Hp Mocks Rival Lenovo Over Spyware Scandal

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Hp Mocks Rival Lenovo Over Spyware Scandal

 news 2015-02-24 at 12:23:24 pm Views: 622
  • #42044

    Hp Mocks Rival Lenovo Over Spyware Scandal
    High horses are pretty hard to ride at the top of ivory towers

    By Dave Neal

    NEVER MADE A MISTAKE IN ITS LIFE COMPANY Hp has used the Superfish scandal that has hit rival Lenovo to present itself as a comedian and a provider that people can rely on.

    It's a dangerous game. HP has poked its finger at Lenovo at a time when Lenovo could have done without the attention.

    This has always been the way of schoolchildren and bullies businesses, and we very often see one glass house dweller throwing stones – in the form of tweets or marketing campaigns – at another. But it can backfire.

    HP thinks it's onto a winner here. The firm cottoned on to the fact that Lenovo had a problem with something with a fish in its name, and turned its comedy bone up to 11.

    This, and we will give you some time to get over it, mend your sides etc, linked to a blog in which HP presents itself as a paragon of security and makes Lenovo look like something of a rotter.

    While HP's bloatware (it does not use that term) is handy, Lenovo's is not, it says, and HP has gone into perhaps unnecessary detail about the Lenovo problem and just how bad it is.
    View image on Twitter
    The only thing you should have to think of when someone says Superfish

    We suspect that the reporting on the incident has been done to a capable standard enough already and wonder whether it is benevolence or schadenfreude that is behind HP's post.

    "HP, like virtually every other major manufacturer on [sic] consumer laptops, does pre-install software to enhance customer experience, but there is a key difference between most preinstalled software and Superfish," HP said.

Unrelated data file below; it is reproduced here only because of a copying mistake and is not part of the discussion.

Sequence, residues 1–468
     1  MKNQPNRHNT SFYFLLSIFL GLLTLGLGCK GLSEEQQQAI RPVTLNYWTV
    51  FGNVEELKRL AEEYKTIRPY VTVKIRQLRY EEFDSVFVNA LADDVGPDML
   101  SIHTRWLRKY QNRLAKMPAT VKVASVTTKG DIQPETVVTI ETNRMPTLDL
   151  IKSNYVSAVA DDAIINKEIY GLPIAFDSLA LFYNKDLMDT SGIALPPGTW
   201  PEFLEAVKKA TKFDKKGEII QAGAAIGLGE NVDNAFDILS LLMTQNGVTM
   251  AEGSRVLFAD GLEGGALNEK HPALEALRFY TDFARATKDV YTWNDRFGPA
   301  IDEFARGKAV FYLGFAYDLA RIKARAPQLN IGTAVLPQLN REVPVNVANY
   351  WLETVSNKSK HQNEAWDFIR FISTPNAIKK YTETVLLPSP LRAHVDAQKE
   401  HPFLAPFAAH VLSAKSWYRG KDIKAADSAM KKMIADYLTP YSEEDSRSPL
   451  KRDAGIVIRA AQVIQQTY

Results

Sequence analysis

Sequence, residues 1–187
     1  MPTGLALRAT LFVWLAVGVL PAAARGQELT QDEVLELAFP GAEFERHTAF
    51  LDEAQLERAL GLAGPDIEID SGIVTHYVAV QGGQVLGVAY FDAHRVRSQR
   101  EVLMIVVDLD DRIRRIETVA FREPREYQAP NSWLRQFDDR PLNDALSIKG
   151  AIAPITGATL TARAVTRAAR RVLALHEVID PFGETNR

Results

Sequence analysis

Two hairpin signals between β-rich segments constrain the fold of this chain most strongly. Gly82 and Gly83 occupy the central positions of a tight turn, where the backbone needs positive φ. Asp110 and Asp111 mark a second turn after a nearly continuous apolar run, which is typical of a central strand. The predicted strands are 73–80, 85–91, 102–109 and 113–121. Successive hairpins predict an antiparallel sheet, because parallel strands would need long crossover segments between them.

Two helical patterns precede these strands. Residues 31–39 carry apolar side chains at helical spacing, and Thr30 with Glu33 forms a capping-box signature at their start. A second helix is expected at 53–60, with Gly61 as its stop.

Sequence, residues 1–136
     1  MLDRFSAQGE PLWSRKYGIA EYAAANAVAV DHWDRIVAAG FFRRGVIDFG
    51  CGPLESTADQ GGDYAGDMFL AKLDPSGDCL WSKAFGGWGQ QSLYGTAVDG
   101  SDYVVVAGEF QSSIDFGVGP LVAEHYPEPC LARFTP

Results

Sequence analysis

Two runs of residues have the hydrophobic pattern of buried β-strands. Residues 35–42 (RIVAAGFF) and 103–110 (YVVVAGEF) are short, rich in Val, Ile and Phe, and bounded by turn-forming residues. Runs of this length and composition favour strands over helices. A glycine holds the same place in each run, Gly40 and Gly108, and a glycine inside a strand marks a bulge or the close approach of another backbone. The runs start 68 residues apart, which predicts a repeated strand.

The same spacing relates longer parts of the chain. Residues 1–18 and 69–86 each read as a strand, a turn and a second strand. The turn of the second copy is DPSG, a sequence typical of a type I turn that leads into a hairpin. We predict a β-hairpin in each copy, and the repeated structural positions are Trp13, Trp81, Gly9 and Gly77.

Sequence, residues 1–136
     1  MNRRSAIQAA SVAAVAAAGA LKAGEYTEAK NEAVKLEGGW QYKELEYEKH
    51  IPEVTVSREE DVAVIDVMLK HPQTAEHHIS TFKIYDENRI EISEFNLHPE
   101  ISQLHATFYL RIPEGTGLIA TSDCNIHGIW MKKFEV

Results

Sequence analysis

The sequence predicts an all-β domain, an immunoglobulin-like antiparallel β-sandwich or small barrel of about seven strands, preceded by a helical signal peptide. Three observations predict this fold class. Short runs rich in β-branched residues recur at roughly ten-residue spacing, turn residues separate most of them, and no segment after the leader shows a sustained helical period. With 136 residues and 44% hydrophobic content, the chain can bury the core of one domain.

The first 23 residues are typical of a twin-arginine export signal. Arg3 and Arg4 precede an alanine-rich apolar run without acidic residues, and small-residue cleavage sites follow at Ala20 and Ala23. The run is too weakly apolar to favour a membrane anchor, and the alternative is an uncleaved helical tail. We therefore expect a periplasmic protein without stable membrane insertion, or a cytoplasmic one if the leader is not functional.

"Superfish exposes customers to security vulnerabilities, is not easily removable, and hides its code from everyday users.

    "Also, unlike most pre-installed software, Superfish alters search results and cripples a web browser's ability to communicate securely."

    The blog goes on, ultimately explaining that HP is a paragon of security virtue, and suggesting that HP, and presumably "virtually every other major manufacturer on [sic] consumer laptops", is a sounder hardware choice than Lenovo.

    Lenovo has already done its PR work on this, explaining that it did not want to do any harm and is in the process of filleting Superfish from machines.

    Lenovo is not the first firm to find itself in a negative spotlight, of course, and a wander back through our annals finds HP in the mucklight.

    We didn't even have to go very far. Less than one year ago HP's laptops were presenting themselves as a fire hazard – ho ho ho – that could potentially cause a whole lot of hilarious damage.

    Six million laptop cables were recalled to the HP mothership, and presumably dumped into a large bucket of sand.

    "HP customers affected by this programme will be eligible to receive a replacement AC power cord for each verified, recalled AC power cord at no cost," said HP at that time.

    "We apologise for the inconvenience this has caused. Your safety is our top priority."

    Where was that waggish humour then?